Moses sends spies into the Land with instructions to report about its inhabitants and their cities and the nature of the land. They were also told to bring back some of the fruits. This selection from the Zohar examines the mystical meaning of the question posed to the spies: "Are there trees or not?"

…And how is the Land? Is it fertile or is it lean? Are there trees or not? Strengthen yourselves and take from the fruit of the Land. (Num. 13:19-20)

Rabbi Shimon [bar Yochai] taught: Moses give them a wise hint regarding what to inquire about first, as it is written "Is G‑d among us or not?" (Ex. 17:7)

This is also recounted in an earlier verse, when the people complained that they had no water and Moses extracted water from a rock at Massah and Meribah. Both verses use the expression "im ayin", meaning "or not". In the earlier verse, the question was not whether G‑d was with them or not - after all, "Do I not fill the Heavens and the earth?" (Jeremiah 23:24), or, as the Zohar itself states, "There is no place devoid of Him". (Tikkunei Zohar, Tikkun 57) Rather, the question was what level of G‑dliness was with them at that point. Was it the level indicated by the name Havayah or was it the level called "Ayin"?

Each of the names of G‑d found in the Torah refers to a specific type of activity, as in G‑d's response to Moses: "You wish to know My Name? According to My deeds I am called." (Shemot Rabba 3:6) The name Havayah alludes to G‑d's creation of the world, from the word "mehaveh", meaning "bring into being". (Note that some commentaries derive the name Havayah from "haya", "hoveh", "v'yih'yeh"- signifying past, present and future simultaneously, referring to the transcendence of G‑d. However, in our context the former meaning is intended, as will become clear from the text.) The word "ayin" (meaning transcendent nothingness), however, refers to a level so lofty that it transcends any names.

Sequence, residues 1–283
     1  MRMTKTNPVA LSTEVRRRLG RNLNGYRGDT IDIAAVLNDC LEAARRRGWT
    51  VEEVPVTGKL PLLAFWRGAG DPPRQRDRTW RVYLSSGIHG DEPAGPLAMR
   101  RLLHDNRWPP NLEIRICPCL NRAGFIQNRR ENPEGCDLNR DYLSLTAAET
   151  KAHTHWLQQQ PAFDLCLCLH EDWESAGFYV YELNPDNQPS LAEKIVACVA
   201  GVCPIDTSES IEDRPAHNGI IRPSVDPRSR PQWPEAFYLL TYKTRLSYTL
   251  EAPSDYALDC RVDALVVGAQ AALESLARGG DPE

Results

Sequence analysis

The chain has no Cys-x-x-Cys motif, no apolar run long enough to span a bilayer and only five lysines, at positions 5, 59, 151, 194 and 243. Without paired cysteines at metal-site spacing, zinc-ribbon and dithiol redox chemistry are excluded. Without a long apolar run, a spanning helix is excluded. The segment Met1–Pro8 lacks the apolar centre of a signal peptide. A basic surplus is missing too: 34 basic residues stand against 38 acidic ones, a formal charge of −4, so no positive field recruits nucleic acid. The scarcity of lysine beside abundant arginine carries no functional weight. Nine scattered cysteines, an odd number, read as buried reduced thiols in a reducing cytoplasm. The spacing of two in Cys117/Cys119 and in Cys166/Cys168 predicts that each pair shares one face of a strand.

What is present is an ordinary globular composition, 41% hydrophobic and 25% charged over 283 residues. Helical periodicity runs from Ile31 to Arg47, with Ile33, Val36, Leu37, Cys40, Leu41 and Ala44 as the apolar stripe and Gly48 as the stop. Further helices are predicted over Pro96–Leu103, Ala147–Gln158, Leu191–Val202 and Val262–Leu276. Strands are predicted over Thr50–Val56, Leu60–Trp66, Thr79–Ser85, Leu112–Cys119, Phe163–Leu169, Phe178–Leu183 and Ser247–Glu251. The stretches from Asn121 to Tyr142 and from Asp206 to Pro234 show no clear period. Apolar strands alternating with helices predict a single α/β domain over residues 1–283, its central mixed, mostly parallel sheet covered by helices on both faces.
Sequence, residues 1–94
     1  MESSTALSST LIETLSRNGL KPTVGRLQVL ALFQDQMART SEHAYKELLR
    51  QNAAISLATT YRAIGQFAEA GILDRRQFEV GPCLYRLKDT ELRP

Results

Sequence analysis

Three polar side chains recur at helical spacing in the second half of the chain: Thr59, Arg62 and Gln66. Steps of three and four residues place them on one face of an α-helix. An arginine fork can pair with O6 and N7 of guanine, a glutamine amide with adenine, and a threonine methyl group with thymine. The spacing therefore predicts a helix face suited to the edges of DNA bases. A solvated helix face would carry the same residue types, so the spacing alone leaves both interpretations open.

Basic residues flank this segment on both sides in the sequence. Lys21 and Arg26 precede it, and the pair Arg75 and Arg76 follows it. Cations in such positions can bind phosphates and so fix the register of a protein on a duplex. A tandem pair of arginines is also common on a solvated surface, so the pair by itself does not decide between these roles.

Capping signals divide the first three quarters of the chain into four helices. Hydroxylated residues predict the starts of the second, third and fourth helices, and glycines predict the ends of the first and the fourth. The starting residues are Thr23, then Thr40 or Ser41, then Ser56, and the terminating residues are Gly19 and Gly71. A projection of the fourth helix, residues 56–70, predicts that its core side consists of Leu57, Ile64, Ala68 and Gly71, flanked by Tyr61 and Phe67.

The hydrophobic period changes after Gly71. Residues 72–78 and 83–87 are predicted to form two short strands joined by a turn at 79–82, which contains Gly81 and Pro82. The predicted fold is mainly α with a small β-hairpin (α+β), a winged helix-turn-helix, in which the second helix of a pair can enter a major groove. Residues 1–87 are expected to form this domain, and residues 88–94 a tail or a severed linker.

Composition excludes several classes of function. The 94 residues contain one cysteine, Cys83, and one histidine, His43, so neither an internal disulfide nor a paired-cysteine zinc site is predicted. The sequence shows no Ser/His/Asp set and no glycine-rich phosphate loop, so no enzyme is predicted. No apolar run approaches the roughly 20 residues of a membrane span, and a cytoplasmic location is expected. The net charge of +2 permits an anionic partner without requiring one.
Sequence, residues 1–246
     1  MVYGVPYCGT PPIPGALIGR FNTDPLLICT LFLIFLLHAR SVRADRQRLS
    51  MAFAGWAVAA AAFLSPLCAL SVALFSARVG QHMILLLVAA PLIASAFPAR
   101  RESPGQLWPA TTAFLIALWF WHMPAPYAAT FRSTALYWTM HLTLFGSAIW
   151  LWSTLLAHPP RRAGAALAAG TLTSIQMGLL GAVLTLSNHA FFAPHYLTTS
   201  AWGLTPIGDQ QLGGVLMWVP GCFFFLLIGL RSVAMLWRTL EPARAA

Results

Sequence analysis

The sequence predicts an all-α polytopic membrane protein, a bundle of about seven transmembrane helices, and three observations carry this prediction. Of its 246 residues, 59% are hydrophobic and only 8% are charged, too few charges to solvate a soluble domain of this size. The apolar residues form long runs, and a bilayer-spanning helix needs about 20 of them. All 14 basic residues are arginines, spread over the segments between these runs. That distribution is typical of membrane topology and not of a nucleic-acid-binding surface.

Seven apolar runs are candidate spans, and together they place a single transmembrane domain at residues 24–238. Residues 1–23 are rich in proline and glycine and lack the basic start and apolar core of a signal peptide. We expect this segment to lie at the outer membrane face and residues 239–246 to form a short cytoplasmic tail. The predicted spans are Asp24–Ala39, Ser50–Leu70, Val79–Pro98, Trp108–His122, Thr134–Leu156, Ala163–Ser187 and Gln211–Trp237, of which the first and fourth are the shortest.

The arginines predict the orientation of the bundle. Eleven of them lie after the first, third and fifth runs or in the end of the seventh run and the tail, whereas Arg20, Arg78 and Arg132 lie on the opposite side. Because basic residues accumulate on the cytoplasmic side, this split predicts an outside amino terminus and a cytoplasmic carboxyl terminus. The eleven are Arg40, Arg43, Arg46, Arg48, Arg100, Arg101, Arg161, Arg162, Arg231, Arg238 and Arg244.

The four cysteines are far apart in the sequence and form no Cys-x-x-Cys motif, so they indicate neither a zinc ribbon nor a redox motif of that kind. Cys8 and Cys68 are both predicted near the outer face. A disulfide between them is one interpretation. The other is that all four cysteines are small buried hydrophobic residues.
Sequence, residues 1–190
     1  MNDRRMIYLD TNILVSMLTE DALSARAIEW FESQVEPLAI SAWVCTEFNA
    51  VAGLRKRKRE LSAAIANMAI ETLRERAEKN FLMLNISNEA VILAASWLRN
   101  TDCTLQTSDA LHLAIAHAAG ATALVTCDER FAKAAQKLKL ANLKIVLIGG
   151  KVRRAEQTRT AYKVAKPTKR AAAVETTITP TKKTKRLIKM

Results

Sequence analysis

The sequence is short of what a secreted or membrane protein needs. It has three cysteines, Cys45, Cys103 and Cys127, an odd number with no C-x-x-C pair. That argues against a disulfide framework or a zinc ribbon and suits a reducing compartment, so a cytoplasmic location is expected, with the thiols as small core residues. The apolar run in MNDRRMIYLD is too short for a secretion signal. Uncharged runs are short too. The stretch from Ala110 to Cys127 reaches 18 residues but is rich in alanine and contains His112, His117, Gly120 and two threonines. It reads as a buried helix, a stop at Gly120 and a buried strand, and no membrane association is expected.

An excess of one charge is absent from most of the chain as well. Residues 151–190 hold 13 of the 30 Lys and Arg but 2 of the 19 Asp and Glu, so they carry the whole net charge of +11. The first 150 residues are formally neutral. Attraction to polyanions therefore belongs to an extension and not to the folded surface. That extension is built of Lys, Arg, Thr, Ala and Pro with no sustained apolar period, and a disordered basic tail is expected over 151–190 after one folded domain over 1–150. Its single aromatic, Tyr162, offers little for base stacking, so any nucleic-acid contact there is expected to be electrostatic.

He [Moses] was telling them: Determine whether this Land is bound to the name Havayah or to Ayin.

Technically, he was telling them to determine whether the Land is bound to the sefira of tiferet (Havayah) or to keter (Ayin). 1 How were they to determine this?

He told them that if they saw that the fruits of the Land are like those of other lands, then "it has trees" - referring to the Tree of Life [which is tiferet.2] but not beyond that.

Note that we translated the phrase "im yesh bah etz im ayin" as "are there trees (in the plural) or not". A more correct translation would be "is there a tree (in the singular) or not? Accordingly, we can understand that it refers to the Tree of Life.

But if you see that the fruits of the Land are unusually larger than anywhere else, then you will know that it is nourished by a primordial holy level, from which its unusual qualities are drawn. This is how you will know if the Land has a Tree [of tiferet] or not [Ayin, the transcendent nothingness of keter]…. This is why he told them to take fruits….

[Zohar III, p. 159a; translation and commentary by Moshe Miller]